The Islamic State is using social media to identify Americans overseas who can be targeted outside of a secure location, experts warned a Senate panel Tuesday.
"One of the emerging tactics that ISIS in particular is trying to use is stalking and killing its foes, especially those who are affiliated with governments," Daveed Gartenstein-Ross, a senior fellow at the Foundation for Defense of Democracies, told Sen. Joni Ernst, R-Iowa, during a Senate Homeland Security and Government Affairs Committee hearing. "Basically, taking them out of the government sphere, making them individuals who can be tracked."
Committee Chairman Ron Johnson, R-Wis., convened the hearing to discuss the threat of terrorism following the Brussels bombings last month. The panelists agreed that government personnel in Brussels and at various NATO facilities in Europe are at risk, but also noted the difficulty of providing adequate protection outside of government facilities.
"What some of the followers and adherents of ISIS have tried to do is expose military personnel and their family members with personal data, addresses, etc.," said Juan Zarate, a former deputy national security adviser under President George W. Bush. "So there is a vey real effort underway to at least threaten, if not put at risk, family members and personnel outside the bounds of classic security."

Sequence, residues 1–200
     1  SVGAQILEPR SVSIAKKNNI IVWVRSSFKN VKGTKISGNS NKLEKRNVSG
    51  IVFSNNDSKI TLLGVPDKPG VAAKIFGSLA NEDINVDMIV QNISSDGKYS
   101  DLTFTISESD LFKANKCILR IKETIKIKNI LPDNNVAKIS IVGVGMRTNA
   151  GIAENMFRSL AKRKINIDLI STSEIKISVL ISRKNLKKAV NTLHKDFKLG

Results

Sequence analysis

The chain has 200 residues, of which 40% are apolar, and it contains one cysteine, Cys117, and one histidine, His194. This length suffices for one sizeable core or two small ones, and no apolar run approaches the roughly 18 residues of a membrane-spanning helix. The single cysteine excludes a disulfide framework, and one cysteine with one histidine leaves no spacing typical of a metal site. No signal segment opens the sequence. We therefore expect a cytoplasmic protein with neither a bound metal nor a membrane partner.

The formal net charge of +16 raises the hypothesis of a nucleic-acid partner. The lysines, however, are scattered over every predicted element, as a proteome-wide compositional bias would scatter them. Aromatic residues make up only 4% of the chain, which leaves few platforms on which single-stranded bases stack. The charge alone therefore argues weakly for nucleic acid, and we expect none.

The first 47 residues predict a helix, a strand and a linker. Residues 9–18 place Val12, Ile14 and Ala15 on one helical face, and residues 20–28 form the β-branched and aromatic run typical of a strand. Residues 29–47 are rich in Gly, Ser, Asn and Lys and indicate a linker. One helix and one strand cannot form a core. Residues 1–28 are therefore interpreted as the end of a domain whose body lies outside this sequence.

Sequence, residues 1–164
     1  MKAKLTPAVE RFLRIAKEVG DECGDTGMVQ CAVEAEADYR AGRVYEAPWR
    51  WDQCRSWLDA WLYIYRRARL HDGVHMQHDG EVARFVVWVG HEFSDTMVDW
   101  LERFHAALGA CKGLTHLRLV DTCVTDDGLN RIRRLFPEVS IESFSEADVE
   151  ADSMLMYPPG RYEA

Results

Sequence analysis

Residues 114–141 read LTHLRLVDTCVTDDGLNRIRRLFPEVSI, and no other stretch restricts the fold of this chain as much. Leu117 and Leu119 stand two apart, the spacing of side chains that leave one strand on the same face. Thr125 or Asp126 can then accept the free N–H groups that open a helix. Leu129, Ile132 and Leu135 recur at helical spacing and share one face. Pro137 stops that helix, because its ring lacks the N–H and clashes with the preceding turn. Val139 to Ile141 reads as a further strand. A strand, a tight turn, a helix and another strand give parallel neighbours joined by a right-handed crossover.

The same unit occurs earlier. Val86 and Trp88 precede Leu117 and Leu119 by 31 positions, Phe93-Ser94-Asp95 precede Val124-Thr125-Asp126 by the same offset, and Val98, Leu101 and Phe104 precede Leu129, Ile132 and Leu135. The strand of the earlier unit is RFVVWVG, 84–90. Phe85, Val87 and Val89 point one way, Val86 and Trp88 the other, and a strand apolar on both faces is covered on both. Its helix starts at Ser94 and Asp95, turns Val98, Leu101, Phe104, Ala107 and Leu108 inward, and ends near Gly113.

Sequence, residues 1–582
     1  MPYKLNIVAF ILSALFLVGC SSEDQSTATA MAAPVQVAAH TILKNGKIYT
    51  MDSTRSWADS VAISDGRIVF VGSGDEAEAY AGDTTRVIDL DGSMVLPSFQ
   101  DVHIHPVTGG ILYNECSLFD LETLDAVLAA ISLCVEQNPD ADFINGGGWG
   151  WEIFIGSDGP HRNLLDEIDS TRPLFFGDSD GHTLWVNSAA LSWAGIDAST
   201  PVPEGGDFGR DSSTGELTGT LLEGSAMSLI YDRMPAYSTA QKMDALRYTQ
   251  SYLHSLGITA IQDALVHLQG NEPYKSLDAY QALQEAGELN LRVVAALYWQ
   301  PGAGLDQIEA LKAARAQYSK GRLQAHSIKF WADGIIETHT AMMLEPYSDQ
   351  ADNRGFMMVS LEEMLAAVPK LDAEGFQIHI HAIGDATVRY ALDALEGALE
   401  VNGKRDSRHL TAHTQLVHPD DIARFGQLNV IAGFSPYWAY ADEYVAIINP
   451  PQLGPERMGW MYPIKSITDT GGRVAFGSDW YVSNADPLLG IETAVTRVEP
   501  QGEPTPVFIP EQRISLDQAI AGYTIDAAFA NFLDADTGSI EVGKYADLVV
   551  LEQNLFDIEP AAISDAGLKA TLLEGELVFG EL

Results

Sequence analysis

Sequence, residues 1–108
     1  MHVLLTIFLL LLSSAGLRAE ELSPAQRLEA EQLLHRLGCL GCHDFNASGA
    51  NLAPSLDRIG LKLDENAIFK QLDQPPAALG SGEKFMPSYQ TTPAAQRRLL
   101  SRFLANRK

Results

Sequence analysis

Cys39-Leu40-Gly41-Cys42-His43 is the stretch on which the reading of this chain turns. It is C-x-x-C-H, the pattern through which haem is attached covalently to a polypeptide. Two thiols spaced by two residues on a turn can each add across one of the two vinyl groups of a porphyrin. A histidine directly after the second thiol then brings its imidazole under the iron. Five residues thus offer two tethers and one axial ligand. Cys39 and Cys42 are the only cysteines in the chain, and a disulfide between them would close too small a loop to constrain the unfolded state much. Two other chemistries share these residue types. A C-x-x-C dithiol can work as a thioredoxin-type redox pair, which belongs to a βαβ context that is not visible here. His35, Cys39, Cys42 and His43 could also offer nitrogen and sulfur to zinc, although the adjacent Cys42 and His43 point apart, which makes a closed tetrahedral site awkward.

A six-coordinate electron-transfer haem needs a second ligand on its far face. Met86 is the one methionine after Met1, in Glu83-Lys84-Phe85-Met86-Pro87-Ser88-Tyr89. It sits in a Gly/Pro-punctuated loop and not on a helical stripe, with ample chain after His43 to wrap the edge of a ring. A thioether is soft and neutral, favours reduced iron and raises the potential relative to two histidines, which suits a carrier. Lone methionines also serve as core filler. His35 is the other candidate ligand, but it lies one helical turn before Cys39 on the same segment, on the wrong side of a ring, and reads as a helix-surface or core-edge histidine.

Social media has complicated that task, they added. "A lot of the information ISIS got when it put out addresses of service members who were on their kill lists was just easily gleaned, not from hacking, but from going to people's social media accounts and finding out this information about them," Gartenstein-Ross said.
"But ultimately, I think this is a very high-level concern that fits both with what the organization has done and also the direction that it's moving in with its evolving tactics."
Johnson invited Department of Homeland Security officials to testify at the hearing, but they declined, even though Homeland Security Secretary Jeh Johnson was at the Capitol for a separate event pertaining to funding for his agency.
"I think probably a pretty good way to try to secure those resources would be coming before a committee like this to lay out the reality of what the problem is," Ron Johnson said.